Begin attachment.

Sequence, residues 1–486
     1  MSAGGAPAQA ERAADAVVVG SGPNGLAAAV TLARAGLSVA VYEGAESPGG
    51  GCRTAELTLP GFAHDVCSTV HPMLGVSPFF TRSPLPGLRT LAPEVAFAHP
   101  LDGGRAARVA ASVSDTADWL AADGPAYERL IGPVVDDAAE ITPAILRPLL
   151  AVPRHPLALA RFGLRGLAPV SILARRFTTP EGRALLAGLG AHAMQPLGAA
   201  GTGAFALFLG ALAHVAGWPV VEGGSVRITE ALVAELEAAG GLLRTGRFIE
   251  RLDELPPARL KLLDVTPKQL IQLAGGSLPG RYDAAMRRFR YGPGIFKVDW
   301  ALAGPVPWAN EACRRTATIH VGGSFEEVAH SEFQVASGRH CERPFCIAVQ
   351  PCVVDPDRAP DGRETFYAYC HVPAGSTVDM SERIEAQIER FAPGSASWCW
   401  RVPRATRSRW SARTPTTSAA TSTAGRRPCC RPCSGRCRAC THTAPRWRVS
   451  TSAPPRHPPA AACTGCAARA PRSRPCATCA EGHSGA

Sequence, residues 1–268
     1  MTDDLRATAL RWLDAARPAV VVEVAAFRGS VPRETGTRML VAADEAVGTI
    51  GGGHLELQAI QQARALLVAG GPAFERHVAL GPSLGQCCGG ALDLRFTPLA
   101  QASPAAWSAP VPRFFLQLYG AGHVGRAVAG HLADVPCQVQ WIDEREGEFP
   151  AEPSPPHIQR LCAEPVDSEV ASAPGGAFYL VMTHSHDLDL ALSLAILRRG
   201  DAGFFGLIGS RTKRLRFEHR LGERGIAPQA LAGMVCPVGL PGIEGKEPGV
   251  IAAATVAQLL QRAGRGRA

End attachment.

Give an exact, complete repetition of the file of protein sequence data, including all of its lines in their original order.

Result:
Sequence, residues 1–486
     1  MSAGGAPAQA ERAADAVVVG SGPNGLAAAV TLARAGLSVA VYEGAESPGG
    51  GCRTAELTLP GFAHDVCSTV HPMLGVSPFF TRSPLPGLRT LAPEVAFAHP
   101  LDGGRAARVA ASVSDTADWL AADGPAYERL IGPVVDDAAE ITPAILRPLL
   151  AVPRHPLALA RFGLRGLAPV SILARRFTTP EGRALLAGLG AHAMQPLGAA
   201  GTGAFALFLG ALAHVAGWPV VEGGSVRITE ALVAELEAAG GLLRTGRFIE
   251  RLDELPPARL KLLDVTPKQL IQLAGGSLPG RYDAAMRRFR YGPGIFKVDW
   301  ALAGPVPWAN EACRRTATIH VGGSFEEVAH SEFQVASGRH CERPFCIAVQ
   351  PCVVDPDRAP DGRETFYAYC HVPAGSTVDM SERIEAQIER FAPGSASWCW
   401  RVPRATRSRW SARTPTTSAA TSTAGRRPCC RPCSGRCRAC THTAPRWRVS
   451  TSAPPRHPPA AACTGCAARA PRSRPCATCA EGHSGA

Sequence, residues 1–268
     1  MTDDLRATAL RWLDAARPAV VVEVAAFRGS VPRETGTRML VAADEAVGTI
    51  GGGHLELQAI QQARALLVAG GPAFERHVAL GPSLGQCCGG ALDLRFTPLA
   101  QASPAAWSAP VPRFFLQLYG AGHVGRAVAG HLADVPCQVQ WIDEREGEFP
   151  AEPSPPHIQR LCAEPVDSEV ASAPGGAFYL VMTHSHDLDL ALSLAILRRG
   201  DAGFFGLIGS RTKRLRFEHR LGERGIAPQA LAGMVCPVGL PGIEGKEPGV
   251  IAAATVAQLL QRAGRGRA